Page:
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  • The Good and the True
  • Katz Nina Judith (bio)

Part One: Pavlik

It took me many years to figure things out, but I guess I can't complain, because I finally have figured them out over the last few years, and after all I'm only in my early twenties. Many people in our society still haven't figured anything out at all. Who knows, perhaps if I explain my process a little, it may help others to achieve the same level of awareness.

When I was a little kid, the Communists still held power and we had to learn Marxist approaches to everything. I remember my old history textbook from the fourth class, when I was ten years old. By the end of the first chapter I understood exactly what they were getting at, and since my teachers had already been teaching us the same approach all along, I took it for granted that it was accurate and wondered how anyone could be so stupid as to think otherwise. So when I began the second chapter, I saw that it was just taking the same system of analysis that the first chapter had laid out so clearly and applying it to some concrete historical situations, and of course the analysis seemed completely obvious to me. I started skimming the book, looking for new thoughts or explanations, but I couldn't find any. Only the specific names, dates, and events offered anything new. I understood all the analyses in the book perfectly, even the paragraphs I barely glanced at. That was the first book I ever skimmed, leafing through to try to garner the facts and ignore the rest, not because I doubted the truth of what it said or felt disgusted by it, but just because everything seemed clear enough even before I read it.

I was in the fifth class when Gorbachev introduced Perestroika, and I found it rather [End Page 128] confusing. I already realized that our country fell short of its ideals, but that was natural at the socialist stage of development; that was why we were trying to build communism. Gorbachev clearly believed in those ideals, but he seemed to be admitting far too many failures, more than I could believe had happened in my country. And then the history teachers announced that we shouldn't read our textbooks any more. They said the books lied, including our book from the year before, in which everything had seemed so self-evident to me. Now they told us that it and all the other history textbooks in the classroom, and indeed in the entire country, contained patent falsehoods. We shouldn't even read them; the teachers would give us their own materials and tell us the truth in class. I felt utterly shocked and betrayed. I had always trusted my teachers before, and I had certainly believed everything my books said. I thought of them as my books. I felt proud to own books; they marked me as smart, mature, and intellectual. But here our teachers were declaring that we couldn't trust any history books published anywhere in the entire Soviet Union. The very concept that a book might lie astonished me. I realized that in other countries, like the United States and Israel, people wrote books solely to promote their own propaganda, but I never thought such a thing could happen in Russia.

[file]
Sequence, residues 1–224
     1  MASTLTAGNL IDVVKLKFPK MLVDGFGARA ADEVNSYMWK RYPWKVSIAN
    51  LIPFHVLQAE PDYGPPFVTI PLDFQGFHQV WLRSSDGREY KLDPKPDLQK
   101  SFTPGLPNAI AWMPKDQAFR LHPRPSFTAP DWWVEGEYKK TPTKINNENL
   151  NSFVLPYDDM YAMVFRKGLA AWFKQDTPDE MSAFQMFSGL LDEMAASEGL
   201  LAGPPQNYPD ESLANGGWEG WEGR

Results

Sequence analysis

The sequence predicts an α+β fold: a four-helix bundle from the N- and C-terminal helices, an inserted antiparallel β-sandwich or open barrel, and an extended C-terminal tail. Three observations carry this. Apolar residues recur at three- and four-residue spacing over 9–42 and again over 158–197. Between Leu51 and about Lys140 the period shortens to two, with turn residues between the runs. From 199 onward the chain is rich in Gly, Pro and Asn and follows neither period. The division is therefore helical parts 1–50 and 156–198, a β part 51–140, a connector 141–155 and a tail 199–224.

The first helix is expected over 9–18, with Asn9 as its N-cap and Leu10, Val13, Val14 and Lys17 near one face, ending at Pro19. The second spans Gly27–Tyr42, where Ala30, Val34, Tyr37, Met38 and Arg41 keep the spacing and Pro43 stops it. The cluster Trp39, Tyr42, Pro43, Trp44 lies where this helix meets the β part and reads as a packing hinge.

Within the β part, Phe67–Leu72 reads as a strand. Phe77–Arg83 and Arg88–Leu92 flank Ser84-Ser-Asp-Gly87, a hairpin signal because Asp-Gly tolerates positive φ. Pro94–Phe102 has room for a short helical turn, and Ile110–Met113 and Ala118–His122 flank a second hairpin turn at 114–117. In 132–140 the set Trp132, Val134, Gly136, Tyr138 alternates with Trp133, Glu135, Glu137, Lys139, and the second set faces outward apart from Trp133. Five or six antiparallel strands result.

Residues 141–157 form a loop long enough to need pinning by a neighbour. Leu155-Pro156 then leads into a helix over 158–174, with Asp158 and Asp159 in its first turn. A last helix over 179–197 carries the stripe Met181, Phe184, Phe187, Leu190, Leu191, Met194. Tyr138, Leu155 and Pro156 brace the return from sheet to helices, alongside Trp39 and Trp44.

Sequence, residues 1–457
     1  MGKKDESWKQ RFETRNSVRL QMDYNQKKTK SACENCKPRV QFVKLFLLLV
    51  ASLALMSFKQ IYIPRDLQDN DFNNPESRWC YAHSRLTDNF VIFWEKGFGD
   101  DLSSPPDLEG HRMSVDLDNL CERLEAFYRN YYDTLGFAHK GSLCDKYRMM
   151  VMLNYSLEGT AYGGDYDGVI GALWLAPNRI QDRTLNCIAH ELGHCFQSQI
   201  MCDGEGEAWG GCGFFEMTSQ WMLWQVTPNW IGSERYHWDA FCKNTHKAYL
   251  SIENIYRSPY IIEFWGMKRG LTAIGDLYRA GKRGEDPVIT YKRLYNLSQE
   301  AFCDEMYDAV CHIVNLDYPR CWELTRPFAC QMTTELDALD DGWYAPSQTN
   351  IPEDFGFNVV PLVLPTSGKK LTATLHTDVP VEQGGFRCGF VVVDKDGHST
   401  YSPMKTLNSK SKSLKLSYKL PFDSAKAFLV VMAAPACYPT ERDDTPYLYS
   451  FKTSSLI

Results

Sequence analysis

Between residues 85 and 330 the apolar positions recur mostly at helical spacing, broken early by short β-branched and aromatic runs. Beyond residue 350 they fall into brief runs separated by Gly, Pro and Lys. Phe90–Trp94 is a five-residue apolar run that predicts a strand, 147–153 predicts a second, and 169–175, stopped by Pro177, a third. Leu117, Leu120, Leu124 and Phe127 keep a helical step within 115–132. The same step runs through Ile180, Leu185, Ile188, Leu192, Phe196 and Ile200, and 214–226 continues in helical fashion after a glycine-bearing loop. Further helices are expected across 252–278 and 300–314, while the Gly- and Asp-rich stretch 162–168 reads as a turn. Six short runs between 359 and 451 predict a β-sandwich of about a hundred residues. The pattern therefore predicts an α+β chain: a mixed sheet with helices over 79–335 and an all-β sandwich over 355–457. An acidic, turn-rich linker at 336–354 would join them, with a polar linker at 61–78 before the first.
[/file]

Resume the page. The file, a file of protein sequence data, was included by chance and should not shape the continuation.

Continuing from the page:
I asked my parents who was right, the textbooks or the teachers, and why the teachers used to tell us the textbooks were right but now had suddenly changed their minds. My parents told me to listen to my teachers, but they fell short of saying that the teachers spoke truth and the textbooks lied. I asked again, and they said that different people and books sometimes had different ideas about the truth, but the real truth lay beyond all their versions, which in fact didn't matter. What mattered was that I do well in school, respect my teachers and do whatever they tell me, treat my friends well, and be a good son and grandson. After saying this, my parents assured me that I was already doing this more...


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pp. 128-138
Launched on MUSE
Open Access
Archive Status
Archived 2012
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